The New Business Model is not to be confused with the anti-business model being popularized by false prophets like Princeton economics professor Paul Krugman and Pulitzer Prize winner, Joseph Stieglitz. Basically, the New Business Model is anti-everything except profits. It's anti-taxes, anti-environment, anti-regulation, anti-government, anti-labor, anti-competition, and anti-science. (Okay, okay. Lung cancer turned out to be real, but climate change? Pshaw.)

The main problem with this new world-beating model – the root of all the other problems the corporate plutocracy is foisting on taxpayers and future generations – is that it's profoundly anti-American. The "business of America" is a myth. Business is plural, not singular; they come in all shapes and sizes, although the big ones, with plenty of help from government, are crowding out all the others.

Once upon a time, Virginia, there were small and medium-sized businesses across the length and breadth of the land. Businesses that thrived in every town and city, and small farms where the tillers of the soil actually lived and raised families. Today, small businesses, local banks, main street stores are marginalized and often can't compete with the big box stores. These family-owned, community-based businesses, the backbone of middle-class America for two centuries, are now all but forgotten as megabanks and union-busting corporate giants saturate the mass media with mendacious ads, finance political campaigns, and buy influence in government at all levels.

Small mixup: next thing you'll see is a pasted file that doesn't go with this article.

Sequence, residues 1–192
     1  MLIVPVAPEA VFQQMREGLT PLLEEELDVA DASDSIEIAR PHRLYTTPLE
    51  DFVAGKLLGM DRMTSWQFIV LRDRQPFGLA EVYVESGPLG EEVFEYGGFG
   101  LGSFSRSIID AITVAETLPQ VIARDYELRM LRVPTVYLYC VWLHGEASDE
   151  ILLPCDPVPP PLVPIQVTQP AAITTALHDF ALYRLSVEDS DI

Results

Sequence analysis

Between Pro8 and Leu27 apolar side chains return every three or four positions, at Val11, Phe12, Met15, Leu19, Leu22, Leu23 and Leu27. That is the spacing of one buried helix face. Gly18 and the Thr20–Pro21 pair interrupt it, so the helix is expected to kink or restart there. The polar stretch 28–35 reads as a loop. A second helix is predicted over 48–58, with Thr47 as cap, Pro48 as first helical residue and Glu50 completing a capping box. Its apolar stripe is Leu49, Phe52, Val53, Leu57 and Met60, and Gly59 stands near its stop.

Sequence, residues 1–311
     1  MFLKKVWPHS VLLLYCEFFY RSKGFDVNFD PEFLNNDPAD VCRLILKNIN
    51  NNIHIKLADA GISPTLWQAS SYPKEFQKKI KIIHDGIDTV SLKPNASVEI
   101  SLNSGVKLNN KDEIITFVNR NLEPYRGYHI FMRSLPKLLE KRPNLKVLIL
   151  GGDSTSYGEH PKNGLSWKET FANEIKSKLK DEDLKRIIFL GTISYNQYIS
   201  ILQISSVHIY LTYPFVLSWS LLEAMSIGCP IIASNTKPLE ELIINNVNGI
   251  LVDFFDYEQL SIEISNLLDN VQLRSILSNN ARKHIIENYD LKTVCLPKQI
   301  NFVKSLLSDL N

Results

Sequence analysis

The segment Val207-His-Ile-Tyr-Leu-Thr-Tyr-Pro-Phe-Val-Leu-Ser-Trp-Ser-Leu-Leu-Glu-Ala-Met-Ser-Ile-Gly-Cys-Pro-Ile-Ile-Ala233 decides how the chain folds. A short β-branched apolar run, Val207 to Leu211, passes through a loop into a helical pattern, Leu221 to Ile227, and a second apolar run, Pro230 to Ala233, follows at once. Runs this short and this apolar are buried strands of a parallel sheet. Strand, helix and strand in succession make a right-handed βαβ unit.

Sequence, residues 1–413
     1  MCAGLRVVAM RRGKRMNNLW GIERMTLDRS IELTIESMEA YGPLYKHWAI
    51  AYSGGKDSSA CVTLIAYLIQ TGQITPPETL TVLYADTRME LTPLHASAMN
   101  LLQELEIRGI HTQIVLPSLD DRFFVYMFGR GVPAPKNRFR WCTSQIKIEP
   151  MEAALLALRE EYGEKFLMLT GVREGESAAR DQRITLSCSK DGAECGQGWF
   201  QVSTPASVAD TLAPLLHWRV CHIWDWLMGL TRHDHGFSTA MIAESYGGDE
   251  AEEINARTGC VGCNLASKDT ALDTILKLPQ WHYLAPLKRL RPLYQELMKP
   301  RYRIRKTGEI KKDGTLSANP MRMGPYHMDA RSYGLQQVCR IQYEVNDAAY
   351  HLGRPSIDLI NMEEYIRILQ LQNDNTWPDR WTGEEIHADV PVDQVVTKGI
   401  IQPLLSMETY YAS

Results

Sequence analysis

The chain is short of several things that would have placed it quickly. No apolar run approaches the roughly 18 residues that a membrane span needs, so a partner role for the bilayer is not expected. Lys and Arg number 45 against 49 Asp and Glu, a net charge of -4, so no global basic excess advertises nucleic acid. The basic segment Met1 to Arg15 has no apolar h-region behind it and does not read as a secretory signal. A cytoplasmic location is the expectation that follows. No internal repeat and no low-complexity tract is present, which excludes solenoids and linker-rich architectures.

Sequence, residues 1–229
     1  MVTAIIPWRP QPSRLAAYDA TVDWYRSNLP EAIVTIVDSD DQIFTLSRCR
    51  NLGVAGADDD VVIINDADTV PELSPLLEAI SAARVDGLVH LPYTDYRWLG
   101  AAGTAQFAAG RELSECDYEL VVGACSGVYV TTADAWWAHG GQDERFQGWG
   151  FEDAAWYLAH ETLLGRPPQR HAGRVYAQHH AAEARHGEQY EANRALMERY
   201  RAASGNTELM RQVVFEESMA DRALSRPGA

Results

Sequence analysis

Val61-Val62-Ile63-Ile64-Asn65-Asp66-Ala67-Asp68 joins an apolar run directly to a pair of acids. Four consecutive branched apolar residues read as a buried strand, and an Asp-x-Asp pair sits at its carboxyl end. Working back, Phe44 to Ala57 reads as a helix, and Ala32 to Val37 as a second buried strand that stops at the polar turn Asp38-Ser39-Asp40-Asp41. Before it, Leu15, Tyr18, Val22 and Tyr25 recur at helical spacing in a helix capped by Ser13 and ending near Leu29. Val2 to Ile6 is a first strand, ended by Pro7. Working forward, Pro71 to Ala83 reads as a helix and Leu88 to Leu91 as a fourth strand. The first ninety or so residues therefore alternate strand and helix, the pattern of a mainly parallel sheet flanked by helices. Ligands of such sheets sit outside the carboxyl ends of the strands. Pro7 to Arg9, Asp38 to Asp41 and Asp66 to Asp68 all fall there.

In a word, the system is now rigged in such a way that our biggest corporations - like our megabanks - are too big to fail. Too big politically, that is. The economy would not collapse if AIG or General Motors had been allowed to go under any more than it did when Enron imploded. But Corporate America has accumulated unprecedented power in Washington and New York City (home to Wall Street, Madison Avenue, and the nerve center of the national mass media).

According to Warren Buffet, the Forbes 400 raked in $1.7 trillion in 2009. He ought to know. Buffet is one of the most successful capitalists in US history, but as a critic of America's New Business Model, he has more in common with the devotees of Marx than the denizens of Madison Avenue. And given the way Corporate America now operates, Marx is looking more prescient – and relevant – all the time.

Note: A version of this article with point-and-click searchable sources appeared in Nation of Change 11/29/2012.
 

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0 # DakotaKid 2012-12-10 08:49
Joseph Stiglitz has a trenchant piece on the state of the US economy and what should be done to fix it in Slate. Or go to Project Syndicate where it originated yesterday (12/09/2012). Everybody should read it. Title: "The Election is Over. Now What?"